What’s so hard about writing a fire plan? The central role of gendered expectations in bushfire planning

Debra Parkinson, Alyssa Duncan

Research output: Chapter in Book/Report/Conference proceedingChapter (Book)Researchpeer-review


This paper draws on research after the 2009 Black Saturday bushfires to identify the ways gender influenced experiences of escaping or fighting the 2009 bushfires, and the link between gender roles and heterosexual couples’ avoidance of fire plan discussions. In Australia, perceptions of men having greater bushfire mortality risk are overestimated (40% 1958- 2008 were female). Most female deaths are attributed to leaving too late. Alignment of gender roles with bushfire behaviour reflects social conditioning that denotes men as ‘protectors/providers’ and women as ‘nurturers’. Gendered expectations have high costs, and despite the proven risk of not having a fire plan, few have written one. Ethics approval was granted for qualitative research with 109 participants, using modified grounded theory. Data showed gendered expectations are harmful and were exacerbated on Black Saturday. Women escaped alone or with children, often in terrifying circumstances, or had limited autonomy, while it was men who were predominantly in fire trucks or refusing to leave. Terminology in attributing cause of death is highly gendered - women/passivity, men/action. This not only does not align with participants’ accounts, but also has implications for household bushfire planning. This study contributes to scarce research. Awareness of gender dynamics is essential to encouraging households to write fire plans, and the first step towards individual behaviour change and systemic change. Understanding gender will demystify women’s and men’s motivations for wanting to stay and defend, or leave, and may allow logical examination of priorities in fire planning.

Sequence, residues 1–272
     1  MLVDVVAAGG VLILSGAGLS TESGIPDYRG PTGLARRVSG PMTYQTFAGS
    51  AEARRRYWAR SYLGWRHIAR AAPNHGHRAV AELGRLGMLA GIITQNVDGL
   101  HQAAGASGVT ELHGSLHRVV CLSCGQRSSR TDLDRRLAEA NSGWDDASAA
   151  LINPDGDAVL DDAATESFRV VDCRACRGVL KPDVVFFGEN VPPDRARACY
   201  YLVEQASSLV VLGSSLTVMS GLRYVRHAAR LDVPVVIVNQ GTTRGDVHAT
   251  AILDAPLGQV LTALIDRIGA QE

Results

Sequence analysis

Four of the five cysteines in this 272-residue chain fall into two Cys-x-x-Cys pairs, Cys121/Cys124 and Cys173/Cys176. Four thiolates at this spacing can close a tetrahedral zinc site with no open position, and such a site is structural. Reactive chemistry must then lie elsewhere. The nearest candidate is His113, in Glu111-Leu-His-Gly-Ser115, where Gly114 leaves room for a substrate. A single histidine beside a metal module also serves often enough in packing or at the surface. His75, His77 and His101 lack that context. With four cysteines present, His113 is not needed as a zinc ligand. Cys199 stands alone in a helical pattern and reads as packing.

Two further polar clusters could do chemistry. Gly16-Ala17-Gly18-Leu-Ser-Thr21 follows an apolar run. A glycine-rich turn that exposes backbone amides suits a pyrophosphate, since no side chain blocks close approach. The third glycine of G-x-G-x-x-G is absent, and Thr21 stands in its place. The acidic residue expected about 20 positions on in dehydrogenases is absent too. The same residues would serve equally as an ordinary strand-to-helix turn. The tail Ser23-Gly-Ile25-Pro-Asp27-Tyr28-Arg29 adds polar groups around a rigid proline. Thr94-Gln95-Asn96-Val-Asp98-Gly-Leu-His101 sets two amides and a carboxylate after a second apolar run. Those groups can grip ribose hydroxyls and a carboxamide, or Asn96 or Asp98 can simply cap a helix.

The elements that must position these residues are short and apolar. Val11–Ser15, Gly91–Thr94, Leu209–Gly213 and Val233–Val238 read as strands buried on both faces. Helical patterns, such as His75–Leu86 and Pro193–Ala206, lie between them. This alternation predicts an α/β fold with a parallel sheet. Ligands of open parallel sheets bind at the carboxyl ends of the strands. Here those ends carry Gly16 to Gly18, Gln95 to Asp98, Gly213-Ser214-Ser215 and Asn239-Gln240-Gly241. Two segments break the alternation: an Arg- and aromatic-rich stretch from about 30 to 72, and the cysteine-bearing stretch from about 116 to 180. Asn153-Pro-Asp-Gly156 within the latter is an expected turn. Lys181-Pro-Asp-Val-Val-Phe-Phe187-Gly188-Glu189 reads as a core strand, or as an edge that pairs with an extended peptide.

Original languageEnglish
Title of host publicationDiversity in Disaster
EditorsJohn Bates
Place of PublicationMelbourne Vic Australia
PublisherAustralian Institute for Disaster Resilience
Number of pages7
Publication statusPublished - 2018

Publication series

NameAustralian Journal of Emergency Management Monograph Series
PublisherAustralian Institute for Disaster Resilience


  • gender cultures
  • bushfire
  • disaster
  • fire plan
  • emergency management

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